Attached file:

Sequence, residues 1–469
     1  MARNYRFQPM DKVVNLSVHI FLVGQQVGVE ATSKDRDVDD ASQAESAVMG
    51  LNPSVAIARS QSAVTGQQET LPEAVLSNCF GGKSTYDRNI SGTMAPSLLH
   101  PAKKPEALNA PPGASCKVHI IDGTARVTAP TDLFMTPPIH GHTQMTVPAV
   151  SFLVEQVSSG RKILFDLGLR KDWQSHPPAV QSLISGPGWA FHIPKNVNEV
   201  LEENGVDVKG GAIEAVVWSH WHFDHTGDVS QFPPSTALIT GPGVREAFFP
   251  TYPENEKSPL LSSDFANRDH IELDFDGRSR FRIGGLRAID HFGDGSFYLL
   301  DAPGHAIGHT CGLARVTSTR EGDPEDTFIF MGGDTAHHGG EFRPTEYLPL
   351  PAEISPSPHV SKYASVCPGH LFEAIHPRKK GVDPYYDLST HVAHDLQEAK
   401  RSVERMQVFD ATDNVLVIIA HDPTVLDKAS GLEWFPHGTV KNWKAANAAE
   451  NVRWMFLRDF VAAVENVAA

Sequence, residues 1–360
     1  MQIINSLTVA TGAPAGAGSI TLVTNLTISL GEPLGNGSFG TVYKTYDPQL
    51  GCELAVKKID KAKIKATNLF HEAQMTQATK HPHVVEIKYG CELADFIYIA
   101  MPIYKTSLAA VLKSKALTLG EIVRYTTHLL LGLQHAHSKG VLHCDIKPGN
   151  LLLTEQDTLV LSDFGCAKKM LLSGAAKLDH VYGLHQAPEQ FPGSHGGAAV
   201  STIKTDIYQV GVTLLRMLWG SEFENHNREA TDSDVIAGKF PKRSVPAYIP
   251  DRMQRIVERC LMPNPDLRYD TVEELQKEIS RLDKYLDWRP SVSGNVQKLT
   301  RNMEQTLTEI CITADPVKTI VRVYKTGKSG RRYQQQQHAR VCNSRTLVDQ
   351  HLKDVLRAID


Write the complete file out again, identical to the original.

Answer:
Sequence, residues 1–469
     1  MARNYRFQPM DKVVNLSVHI FLVGQQVGVE ATSKDRDVDD ASQAESAVMG
    51  LNPSVAIARS QSAVTGQQET LPEAVLSNCF GGKSTYDRNI SGTMAPSLLH
   101  PAKKPEALNA PPGASCKVHI IDGTARVTAP TDLFMTPPIH GHTQMTVPAV
   151  SFLVEQVSSG RKILFDLGLR KDWQSHPPAV QSLISGPGWA FHIPKNVNEV
   201  LEENGVDVKG GAIEAVVWSH WHFDHTGDVS QFPPSTALIT GPGVREAFFP
   251  TYPENEKSPL LSSDFANRDH IELDFDGRSR FRIGGLRAID HFGDGSFYLL
   301  DAPGHAIGHT CGLARVTSTR EGDPEDTFIF MGGDTAHHGG EFRPTEYLPL
   351  PAEISPSPHV SKYASVCPGH LFEAIHPRKK GVDPYYDLST HVAHDLQEAK
   401  RSVERMQVFD ATDNVLVIIA HDPTVLDKAS GLEWFPHGTV KNWKAANAAE
   451  NVRWMFLRDF VAAVENVAA

Sequence, residues 1–360
     1  MQIINSLTVA TGAPAGAGSI TLVTNLTISL GEPLGNGSFG TVYKTYDPQL
    51  GCELAVKKID KAKIKATNLF HEAQMTQATK HPHVVEIKYG CELADFIYIA
   101  MPIYKTSLAA VLKSKALTLG EIVRYTTHLL LGLQHAHSKG VLHCDIKPGN
   151  LLLTEQDTLV LSDFGCAKKM LLSGAAKLDH VYGLHQAPEQ FPGSHGGAAV
   201  STIKTDIYQV GVTLLRMLWG SEFENHNREA TDSDVIAGKF PKRSVPAYIP
   251  DRMQRIVERC LMPNPDLRYD TVEELQKEIS RLDKYLDWRP SVSGNVQKLT
   301  RNMEQTLTEI CITADPVKTI VRVYKTGKSG RRYQQQQHAR VCNSRTLVDQ
   351  HLKDVLRAID